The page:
Against the Flow...

December 6, 2017

           By:   Martin Zizi

It has been a bit more than two years now, since I started building up a company and a new technology aiming at Biometrics. I did this with the clear intent to help users be safely identified across the IoT while at the same time protect their rights to privacy, because “Hell No” I firmly believe that it cannot be the end of privacy. My company's name is Aerendir Mobile.

While working mostly in stealth mode, I closely followed the public and commercial debates around this topic, sometimes a bit surprised, sometimes amused, but mostly befuddled. I am always surprised by how fast people are to act on partial information, and for once I felt that I might contribute with a broader view. This is not about us as a company or about our future products, but about us as a human society.

Of course, the rise of on-demand products and of the Internet of Things disrupted traditional ways, opened up novel opportunities, and created new challenges. One of the most pressing is how we can SAFELY be identified while we interact with IT systems and objects, be them local or in the Cloud. Biometry was very quickly presented as the answer; remember all payments products based on fingerprints, or on biometry-enabled phones? Knowing that identity theft across electronic payments costs us all 6% of a 79 trillion dollar monetary market exchange, we – as a group – ought to be able to do better. Knowing that connected objects can be hacked, we have to become smarter about how we use technology. Do you want to risk being locked up - or worse kidnapped - inside your connected car? Bad examples abound.

However, biometrics is a double-edged sword. While fitting the motto “you are the password”, and hence being convenient, what good does it do if a remotely located database is breached? It is already a problem to lose a credit card or a Social Security number, but if one loses his/her fingerprint or retinal scan; one can never go to buy a new one. This loss is forever. What good is it, if - to make it mobile and user-friendly - one has to reduce the complexity of the calculation, simplifying the models and hence having failure rates above 1-2 percent? What good is it, if one has to combine private data about your behavior, about your personal habits, and when and where you like to exercise, in order to build a repertoire or a profile of ‘who you are’ via powerful and centralized AI bots to identify you? What then if this AI can impersonate your profile across the IoT? Those questions are legitimate and are not addressed by most of what is available and oftentimes loudly presented as the next ‘big thing’.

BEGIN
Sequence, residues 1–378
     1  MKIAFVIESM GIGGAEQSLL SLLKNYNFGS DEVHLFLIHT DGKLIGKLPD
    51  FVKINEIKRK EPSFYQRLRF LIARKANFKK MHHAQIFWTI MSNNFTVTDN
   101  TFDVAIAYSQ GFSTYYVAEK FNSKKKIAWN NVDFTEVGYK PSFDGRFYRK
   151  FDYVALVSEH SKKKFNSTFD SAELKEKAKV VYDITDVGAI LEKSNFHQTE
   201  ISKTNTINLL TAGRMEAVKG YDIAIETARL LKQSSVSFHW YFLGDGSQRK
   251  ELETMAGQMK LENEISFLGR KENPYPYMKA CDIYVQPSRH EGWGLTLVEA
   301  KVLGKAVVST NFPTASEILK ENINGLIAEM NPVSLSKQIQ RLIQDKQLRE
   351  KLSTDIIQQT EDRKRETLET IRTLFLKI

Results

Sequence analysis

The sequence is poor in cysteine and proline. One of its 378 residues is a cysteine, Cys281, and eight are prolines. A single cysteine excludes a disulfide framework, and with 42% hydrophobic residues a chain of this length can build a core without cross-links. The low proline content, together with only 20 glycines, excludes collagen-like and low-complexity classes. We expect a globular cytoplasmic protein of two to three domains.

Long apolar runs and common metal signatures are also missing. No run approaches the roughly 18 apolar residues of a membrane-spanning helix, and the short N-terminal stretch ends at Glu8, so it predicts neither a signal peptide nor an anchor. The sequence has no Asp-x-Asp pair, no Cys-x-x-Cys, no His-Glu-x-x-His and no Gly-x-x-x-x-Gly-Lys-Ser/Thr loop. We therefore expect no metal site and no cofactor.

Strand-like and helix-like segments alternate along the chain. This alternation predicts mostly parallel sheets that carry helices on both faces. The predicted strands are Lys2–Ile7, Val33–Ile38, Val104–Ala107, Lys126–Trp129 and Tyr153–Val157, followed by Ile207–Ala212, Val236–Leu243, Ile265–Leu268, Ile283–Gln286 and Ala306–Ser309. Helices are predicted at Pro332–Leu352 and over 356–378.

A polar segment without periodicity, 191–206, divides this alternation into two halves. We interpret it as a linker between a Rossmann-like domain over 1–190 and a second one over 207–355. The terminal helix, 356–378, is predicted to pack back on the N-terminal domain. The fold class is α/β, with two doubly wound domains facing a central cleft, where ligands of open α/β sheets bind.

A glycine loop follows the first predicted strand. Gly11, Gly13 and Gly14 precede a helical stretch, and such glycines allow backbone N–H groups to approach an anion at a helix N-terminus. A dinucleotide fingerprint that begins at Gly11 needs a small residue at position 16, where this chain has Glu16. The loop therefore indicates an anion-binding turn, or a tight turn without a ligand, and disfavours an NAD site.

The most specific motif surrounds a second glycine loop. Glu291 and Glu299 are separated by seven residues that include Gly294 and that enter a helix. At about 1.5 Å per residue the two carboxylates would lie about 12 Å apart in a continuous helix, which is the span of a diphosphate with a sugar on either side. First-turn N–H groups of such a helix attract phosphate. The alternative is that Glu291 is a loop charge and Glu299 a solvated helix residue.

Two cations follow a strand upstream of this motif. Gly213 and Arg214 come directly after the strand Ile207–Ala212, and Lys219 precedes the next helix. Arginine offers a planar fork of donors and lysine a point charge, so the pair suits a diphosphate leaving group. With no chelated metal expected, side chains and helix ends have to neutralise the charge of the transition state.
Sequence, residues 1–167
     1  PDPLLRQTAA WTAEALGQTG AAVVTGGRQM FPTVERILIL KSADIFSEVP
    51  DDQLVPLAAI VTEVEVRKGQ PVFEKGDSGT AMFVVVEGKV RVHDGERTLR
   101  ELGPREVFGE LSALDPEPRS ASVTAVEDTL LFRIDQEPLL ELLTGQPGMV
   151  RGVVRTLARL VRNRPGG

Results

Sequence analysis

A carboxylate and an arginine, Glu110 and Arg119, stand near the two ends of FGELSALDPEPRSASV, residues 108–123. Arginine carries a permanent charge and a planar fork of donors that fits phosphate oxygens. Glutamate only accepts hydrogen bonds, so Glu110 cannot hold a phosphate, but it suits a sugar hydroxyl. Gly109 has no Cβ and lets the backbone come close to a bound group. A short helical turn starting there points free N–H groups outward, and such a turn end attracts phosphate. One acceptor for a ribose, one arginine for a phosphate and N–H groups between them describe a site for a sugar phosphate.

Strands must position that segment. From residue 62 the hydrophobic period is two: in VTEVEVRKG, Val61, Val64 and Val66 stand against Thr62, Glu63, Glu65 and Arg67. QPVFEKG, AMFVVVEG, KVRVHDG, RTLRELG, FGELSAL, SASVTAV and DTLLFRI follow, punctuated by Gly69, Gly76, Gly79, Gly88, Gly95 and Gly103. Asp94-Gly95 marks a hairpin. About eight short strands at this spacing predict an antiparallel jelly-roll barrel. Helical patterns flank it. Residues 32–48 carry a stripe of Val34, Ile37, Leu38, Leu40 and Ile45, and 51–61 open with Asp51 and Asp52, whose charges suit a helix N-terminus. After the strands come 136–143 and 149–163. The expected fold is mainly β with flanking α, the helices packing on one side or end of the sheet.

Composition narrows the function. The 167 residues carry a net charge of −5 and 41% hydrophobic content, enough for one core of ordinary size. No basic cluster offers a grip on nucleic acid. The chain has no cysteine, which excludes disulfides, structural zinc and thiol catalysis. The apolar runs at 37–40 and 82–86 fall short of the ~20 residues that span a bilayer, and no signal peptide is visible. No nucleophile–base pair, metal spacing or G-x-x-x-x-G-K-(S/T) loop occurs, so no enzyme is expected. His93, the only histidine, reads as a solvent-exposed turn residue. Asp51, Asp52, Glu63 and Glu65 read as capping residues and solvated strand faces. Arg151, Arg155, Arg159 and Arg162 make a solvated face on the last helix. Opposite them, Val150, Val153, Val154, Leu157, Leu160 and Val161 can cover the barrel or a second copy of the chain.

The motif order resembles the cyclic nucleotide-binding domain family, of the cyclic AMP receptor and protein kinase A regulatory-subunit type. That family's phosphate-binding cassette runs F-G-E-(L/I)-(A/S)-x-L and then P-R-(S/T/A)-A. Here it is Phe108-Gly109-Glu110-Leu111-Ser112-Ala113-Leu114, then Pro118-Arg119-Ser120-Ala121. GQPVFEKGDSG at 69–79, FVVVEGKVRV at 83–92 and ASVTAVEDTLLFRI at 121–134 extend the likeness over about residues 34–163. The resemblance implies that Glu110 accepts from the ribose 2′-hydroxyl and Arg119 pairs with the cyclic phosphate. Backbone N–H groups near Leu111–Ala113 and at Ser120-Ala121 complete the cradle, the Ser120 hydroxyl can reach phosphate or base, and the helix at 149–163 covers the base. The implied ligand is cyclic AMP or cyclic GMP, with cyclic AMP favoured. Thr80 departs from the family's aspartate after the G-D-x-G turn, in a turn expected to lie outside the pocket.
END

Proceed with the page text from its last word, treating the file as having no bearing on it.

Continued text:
Recently, with the release of iPhone X, there was a flurry of activity about how to crack its facial recognition software, how to spoof it, and we even saw some funny video of a youngster breaching into his mother’s profile on day one or two of the purchase. In such a complex, fast moving and intellectually noisy environment, I want to highlight why I do think that Apple Inc. is developing not only some of the best technology but also some of the safest… and I may add that I am certainly no Apple insider as I may even become one of their competitors eventually.

For a long time now, Apple has built privacy protection into its smartphones. Everything is computed on the device, no data exchanged with- and no computation in- the Cloud. Everything is encrypted on the device. There is a dedicated chip for security and safety only, and now a GPU to enable mobile AI. Is it perfect? No, because someone can steal your device while you open it, or open it with your face, and mostly because this technology has to mature. However, we know this technology steps in the right direction and that it will learn your facial features with time and use. Give it enough time, and it will ‘know’ the micro-features of your face like those aging wrinkles, and the details of your eyes. Give it enough time and it will surprise you.

And what about this funny video with the child and his mom? Well a mix of genetics, and the fact that the phone was brand new, could explain that the son’s features became part of the training process, it is a bit like having 2 users.

Why am I being positive about a potential and so large competitor? Because - like them - we believe that your privacy should not become a commodity and that keeping all computation local, obfuscating what needs to be, encrypting the whole thing, is the best way to implement a solid, safe and effective biometry… this is also what we have been busy with at Aerendir, with just a minor difference: we are using a signal from the junction of the individual nerve fibers and individual muscle cells, signal originating in the brain, which is truly unique.

So, I felt like a kinship in going against the flow. That is where the fun and the future of our privacy lies.